The events of any year are driven by people, and 1962 was no exception. Because Roadtrip-'62 ™ focuses on that year, today I’m going to sharpen the focus by discussing people of 1962. We’ll take a look at the movers and shakers of the year, celebrities, people born in 1962 who we know today or made a significant contribution to our world, and even people who died during 1962 and how they helped build the world of that point in history. I’ll close with a look at people of note from along our route down US-23.
Movers and Shakers: People of 1962
Of the people responsible for events that shaped the year, some remain famous today and some are nearly forgotten. Let’s begin by looking at some world events and the people associated with them. In any year, the President of the United States makes news. President John F. Kennedy was president in 1962, though he would be tragically assassinated the next year. A poll taken the week of February 22, 1962 found that 78% approved of the way President Kennedy was doing his job as President. Today we think a president is popular if he can squeak out a 50% rating! Times do change. During 1962, his most famous act was the showdown with the Soviet Union’s Premier Nikita Khrushchev over the Soviet missile installations in Cuba. In the end, Khrushchev ordered the missiles removed from such close proximity to Florida, but only after President Kennedy had begun a complete naval blockade of Cuba.
President Kennedy was also involved in other actions of lasting importance in 1962, one of which was convincing steel companies to roll back sharp price increases they had attempted. In April, after signing new labor union contracts, the largest US steel companies raised prices. The President deemed this a threat to the public interest because it interfered with price stability, and convinced the corporations to rescind the increase, resulting in a new uneasiness about the relationship between industry and government. A third crisis for the President occurred when James Meredith registered to attend classes at the then all-white University of Mississippi. The state had blocked his admission but the Supreme Court overturned the decision. Mississippi Governor Ross Barnett was found guilty of civil contempt of court for defying the Supreme Court, and President Kennedy ordered federal marshals to escort and protect Mr. Meredith so that he could attend the university. Two people died in the rioting that accompanied the forced entry to the school.
Others active in the fight for desegregation in the United States included the Reverend Martin Luther King, Jr., who was arrested in July in Albany, Georgia, along with other protesters. In October, Dr. King met with President Kennedy and the next year he would deliver his most famous speech with the message "I Have A Dream", in Washington, DC. The Archbishop of New Orleans, Joseph Francis Rummel, ordered his Catholic schools to be desegregated and actually ex-communicated three local Catholics for defying church authority with their continued segregationist activities. Archbishop Rummel had been following a regime of slowly desegregating church activities since at least 1948, when he admitted two black students to the Notre Dame Seminary.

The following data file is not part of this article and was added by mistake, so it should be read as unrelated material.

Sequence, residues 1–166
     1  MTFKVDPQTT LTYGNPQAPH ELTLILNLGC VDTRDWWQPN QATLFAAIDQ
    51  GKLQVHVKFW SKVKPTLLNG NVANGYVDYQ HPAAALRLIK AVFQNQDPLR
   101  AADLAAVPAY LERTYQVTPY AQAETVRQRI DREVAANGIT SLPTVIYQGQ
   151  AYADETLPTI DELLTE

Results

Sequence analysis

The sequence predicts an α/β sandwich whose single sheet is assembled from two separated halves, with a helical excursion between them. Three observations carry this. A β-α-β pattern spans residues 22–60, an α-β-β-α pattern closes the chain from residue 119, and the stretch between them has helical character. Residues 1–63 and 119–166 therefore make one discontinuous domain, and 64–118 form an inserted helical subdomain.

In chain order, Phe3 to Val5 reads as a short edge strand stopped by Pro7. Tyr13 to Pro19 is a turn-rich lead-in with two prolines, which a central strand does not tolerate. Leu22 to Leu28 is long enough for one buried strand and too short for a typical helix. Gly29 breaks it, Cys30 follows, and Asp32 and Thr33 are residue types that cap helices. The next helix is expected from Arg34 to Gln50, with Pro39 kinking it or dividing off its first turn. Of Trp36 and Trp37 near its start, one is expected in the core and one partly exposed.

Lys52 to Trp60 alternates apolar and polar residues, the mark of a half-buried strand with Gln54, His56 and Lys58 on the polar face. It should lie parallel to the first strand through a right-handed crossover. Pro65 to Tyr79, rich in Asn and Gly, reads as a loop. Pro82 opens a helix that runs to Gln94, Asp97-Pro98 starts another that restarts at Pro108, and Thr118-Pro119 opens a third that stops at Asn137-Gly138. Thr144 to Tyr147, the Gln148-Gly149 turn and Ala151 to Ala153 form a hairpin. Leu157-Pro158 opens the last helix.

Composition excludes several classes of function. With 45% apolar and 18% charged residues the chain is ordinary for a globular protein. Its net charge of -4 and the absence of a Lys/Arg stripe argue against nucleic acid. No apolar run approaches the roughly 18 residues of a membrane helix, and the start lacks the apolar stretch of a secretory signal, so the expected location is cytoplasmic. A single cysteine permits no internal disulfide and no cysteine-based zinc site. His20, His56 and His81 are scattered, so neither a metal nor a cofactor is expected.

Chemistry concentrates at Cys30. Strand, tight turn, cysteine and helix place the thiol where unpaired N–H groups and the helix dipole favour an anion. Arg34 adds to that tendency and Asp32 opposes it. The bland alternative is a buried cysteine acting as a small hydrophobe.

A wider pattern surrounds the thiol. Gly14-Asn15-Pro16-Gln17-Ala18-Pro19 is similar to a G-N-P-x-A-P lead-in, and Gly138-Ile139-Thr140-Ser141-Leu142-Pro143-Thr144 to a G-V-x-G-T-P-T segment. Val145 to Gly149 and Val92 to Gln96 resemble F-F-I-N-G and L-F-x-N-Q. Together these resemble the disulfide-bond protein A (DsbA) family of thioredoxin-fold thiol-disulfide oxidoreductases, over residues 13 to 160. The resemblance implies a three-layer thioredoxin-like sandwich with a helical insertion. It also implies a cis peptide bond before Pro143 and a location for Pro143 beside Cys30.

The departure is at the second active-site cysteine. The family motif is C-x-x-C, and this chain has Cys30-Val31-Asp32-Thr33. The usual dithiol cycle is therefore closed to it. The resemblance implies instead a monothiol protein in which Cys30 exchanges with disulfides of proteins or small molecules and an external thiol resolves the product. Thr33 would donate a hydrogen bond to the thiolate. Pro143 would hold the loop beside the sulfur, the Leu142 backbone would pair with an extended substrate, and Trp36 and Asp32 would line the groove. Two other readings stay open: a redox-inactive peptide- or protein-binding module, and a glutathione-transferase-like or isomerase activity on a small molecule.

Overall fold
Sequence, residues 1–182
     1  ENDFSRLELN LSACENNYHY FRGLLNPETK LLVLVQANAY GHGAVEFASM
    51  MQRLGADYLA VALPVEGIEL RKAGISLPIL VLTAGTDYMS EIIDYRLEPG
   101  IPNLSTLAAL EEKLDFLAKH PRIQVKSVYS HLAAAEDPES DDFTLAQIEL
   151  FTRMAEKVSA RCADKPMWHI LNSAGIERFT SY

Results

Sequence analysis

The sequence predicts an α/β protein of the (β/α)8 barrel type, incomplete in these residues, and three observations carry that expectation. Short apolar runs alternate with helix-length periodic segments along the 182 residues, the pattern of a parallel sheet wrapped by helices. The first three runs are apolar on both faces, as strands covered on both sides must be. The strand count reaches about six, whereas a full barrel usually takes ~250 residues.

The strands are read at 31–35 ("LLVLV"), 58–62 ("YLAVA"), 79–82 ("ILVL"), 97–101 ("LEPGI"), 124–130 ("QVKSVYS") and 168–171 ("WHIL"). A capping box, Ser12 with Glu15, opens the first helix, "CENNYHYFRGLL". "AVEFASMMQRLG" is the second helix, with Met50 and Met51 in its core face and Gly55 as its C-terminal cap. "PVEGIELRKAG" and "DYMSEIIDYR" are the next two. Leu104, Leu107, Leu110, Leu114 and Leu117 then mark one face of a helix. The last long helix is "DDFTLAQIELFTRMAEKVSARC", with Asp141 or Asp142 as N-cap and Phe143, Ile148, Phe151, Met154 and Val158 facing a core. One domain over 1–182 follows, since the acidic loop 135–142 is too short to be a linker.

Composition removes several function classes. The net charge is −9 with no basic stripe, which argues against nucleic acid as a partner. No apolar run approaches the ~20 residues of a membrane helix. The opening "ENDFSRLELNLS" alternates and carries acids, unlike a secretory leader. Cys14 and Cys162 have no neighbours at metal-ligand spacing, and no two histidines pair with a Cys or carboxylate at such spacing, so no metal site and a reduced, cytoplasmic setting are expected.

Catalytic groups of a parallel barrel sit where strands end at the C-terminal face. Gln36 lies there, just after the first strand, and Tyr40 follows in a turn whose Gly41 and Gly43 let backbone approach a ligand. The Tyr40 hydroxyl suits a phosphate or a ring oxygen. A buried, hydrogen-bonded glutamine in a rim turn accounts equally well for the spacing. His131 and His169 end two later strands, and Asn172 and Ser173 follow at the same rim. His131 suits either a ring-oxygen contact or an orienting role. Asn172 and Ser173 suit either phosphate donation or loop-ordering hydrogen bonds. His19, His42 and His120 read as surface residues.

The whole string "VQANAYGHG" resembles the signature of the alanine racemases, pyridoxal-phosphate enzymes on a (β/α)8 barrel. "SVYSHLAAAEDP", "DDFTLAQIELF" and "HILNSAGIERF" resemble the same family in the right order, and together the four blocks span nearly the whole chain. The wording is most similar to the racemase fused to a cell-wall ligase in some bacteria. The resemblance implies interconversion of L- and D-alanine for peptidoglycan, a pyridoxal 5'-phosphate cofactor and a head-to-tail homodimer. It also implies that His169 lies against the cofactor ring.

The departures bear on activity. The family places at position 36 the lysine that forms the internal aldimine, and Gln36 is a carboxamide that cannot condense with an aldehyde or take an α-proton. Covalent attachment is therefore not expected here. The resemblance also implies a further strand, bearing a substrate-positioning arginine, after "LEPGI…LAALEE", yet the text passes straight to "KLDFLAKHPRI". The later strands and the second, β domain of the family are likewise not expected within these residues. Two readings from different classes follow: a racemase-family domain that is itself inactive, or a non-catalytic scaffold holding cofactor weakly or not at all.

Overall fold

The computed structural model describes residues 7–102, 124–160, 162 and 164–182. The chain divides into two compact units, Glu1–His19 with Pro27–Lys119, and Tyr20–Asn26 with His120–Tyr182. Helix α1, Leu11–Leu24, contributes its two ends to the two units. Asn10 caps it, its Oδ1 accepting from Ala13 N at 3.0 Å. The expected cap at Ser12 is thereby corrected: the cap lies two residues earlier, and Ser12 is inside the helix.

Former Vice President Richard Nixon fought a hard campaign for Governor of California, losing to Edmund G. Brown, the father of today’s California Governor Jerry Brown. At the time, Nixon declared he would retire from public life and gave a bitter post-election speech largely blaming the press for his defeat and claiming, "you won’t have Nixon to kick around anymore." However, he returned in 1968, winning the Presidency and even winning re-election four years later.
Other people on the American stage in 1962 included Colonel John Glenn, the first American astronaut to orbit earth. His spaceflight of February 20th took only about 4 hours, 46 minutes, which seem tiny compared to the months in space that the crew of the International Space Station spends in orbit today. Astronaut M. Scott Carpenter followed in May, and Walter Schirra, Jr. completed 6 orbits in October, 1962. In August, Soviet cosmonaut Major Andrian Nikolayev made an astounding 64 orbits of the planet! This feat was further amazing because fellow cosmonaut Colonel Pavel Popovich occupied another orbiting craft at the same time and the two passed within about 4 miles of each other.
Supreme Court Justice Byron White was appointed to the court in 1962, one of two appointments by President Kennedy that year. He had previously been Deputy Attorney General. Justice White served until his retirement in 1993. The other appointment to the Supreme Court was Justice Arthur Goldberg. He had served as United States Secretary of Labor from January 1961 to September 1962. Goldberg was acclaimed for an active role in assisting labor negotiations between big industries and their labor unions. He is credited with behind-the-scenes work in steel, airline, and railroad disputes that kept 1962 relatively stable on the labor front. Later in 1962 the Supreme Court ruled that New York state’s policy of reading an official prayer in schools violated the Constitution.